You’ll notice that each of the examples in the above chart reflects passive voice.
Prepositions that Show Reason or Purpose
|for||He made dinner for his family.|
|through||Through her writing, we learned about the realities of racism.|
|because of||We won the game because of the last touchdown.|
|from||My sister taught me a lot from her own experiences.|
As mentioned above, prepositions can fall into multiple categories, and you’ll find the preposition “for” in this category as well as in the category showing time.
In showing reason or purpose with a preposition, “for” is used in conjunction with the noun appreciation to show that there is a reason or purpose for the idea or concept of appreciation. Let’s take a look at the example above in more detail below.
He made dinner for his family.
In this sentence, we use “for” to show that the reason the subject (he) made dinner was for his family. Let’s look at another similar sentence.
His family felt appreciation for the dinner he had made.
In the second sentence, we use “for” after appreciation to show that the family felt gratitude for the dinner.
Note that we are not using “of” in this instance with appreciation because we are not referring to specific qualities or benefits provided, but rather gratitude for a concept or idea (or action), making dinner.
Prepositions that Show a Connection
|of||A part of his leg was broken in the accident.|
|to||I wanted to impress my husband with a new dessert.|
|with||I took my dog with me to the park.|
Prepositions of connection can describe possession, a relationship, or accompaniment (as seen in with). Here we find the preposition “of” to show connection or possession given that a part of the leg was broken, which belongs to the whole.
But “of” can also be used in other ways, including to show origin, or as we’ll see with the noun appreciation, to show the benefits or qualities that something provides.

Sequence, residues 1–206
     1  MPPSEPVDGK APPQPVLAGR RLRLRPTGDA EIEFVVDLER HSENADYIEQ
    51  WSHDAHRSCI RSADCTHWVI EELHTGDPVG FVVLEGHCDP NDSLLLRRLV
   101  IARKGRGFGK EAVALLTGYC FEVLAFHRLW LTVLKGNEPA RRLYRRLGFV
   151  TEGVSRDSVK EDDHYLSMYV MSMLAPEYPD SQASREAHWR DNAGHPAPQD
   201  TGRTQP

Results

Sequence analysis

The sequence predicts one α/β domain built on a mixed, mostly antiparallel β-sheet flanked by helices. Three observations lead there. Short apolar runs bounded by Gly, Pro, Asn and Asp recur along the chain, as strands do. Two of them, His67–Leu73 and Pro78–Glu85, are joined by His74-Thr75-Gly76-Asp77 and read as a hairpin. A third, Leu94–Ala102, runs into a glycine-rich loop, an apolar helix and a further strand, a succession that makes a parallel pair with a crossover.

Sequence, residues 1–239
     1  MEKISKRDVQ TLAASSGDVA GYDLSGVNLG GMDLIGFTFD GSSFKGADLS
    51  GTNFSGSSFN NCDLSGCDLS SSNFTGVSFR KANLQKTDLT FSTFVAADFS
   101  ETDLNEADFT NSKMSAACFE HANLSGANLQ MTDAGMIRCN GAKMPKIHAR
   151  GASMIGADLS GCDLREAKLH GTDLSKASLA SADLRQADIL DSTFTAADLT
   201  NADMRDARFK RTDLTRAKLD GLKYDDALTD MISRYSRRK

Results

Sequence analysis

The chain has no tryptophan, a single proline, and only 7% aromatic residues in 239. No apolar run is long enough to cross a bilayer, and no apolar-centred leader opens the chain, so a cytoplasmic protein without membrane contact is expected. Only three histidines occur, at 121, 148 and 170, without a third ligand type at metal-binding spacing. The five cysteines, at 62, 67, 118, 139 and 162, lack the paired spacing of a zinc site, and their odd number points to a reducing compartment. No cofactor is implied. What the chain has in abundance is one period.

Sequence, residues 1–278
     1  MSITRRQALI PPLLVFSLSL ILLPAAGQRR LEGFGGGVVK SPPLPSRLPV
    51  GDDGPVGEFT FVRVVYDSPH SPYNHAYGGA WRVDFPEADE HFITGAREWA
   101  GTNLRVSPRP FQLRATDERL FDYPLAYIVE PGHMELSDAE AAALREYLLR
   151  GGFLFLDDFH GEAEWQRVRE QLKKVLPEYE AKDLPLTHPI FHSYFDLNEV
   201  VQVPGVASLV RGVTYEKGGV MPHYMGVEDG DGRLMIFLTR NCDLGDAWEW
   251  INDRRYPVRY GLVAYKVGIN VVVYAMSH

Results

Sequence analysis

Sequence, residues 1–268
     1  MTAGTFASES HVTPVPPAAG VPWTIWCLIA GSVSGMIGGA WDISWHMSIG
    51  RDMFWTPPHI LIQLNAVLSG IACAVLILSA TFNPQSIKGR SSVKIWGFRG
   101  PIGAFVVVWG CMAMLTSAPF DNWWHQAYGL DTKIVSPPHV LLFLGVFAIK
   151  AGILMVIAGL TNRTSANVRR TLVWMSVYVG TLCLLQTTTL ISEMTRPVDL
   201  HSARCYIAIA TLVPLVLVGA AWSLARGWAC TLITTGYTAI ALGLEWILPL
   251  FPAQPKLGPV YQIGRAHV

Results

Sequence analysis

When referring to origins, we may see a sentence like this: “I am of Spanish descent.” Here, the preposition “of” indicates that the speaker is Spanish.
One thing you’ll want to keep in mind is that you’re more likely to find the preposition “from” when it comes to origin. So, rather than stating that you are of Spanish descent, you might simply say, “I am from Spain” or “I am from Italy,” for example.
When you use “of” in conjunction with the noun “appreciation,” you’re showing that your appreciation is because of the benefits that something (or someone) provides. Here is an example sentence:
In appreciation of the flowers sent that brightened my day, I wanted to send a thank-you card.
In the above sentence, we use the preposition “of” with “appreciation” to show that the flowers provided a benefit or quality, specifically brightening the subject’s day. This article was written for strategiesforparents.com.
Next, we’ll look at this idea in more detail, as well as a few comparisons between “of” and “for,” particularly when we use them with “appreciation.”
Prepositions are an essential part of your writing, and you’ll find them in nearly every sentence you write.
It matters less that you know what category each preposition falls into, especially since there is a lot of overlap, and more that you begin to understand how to use them correctly within the context you are writing.
Just remember that when it comes to differentiating between appreciation of versus appreciation for, you’ll want to ask yourself whether you are showing appreciation for a particular benefit or quality or a more holistic feeling of thankfulness or gratitude.
If it is the former, choose the preposition “of.” If it is the latter, you’ll want to use “for.”
If you’d like to learn more about prepositions in conjunction with other nouns, take a look at our articles on “beneficial for” or “beneficial to” or “knowledge on” or “knowledge of.”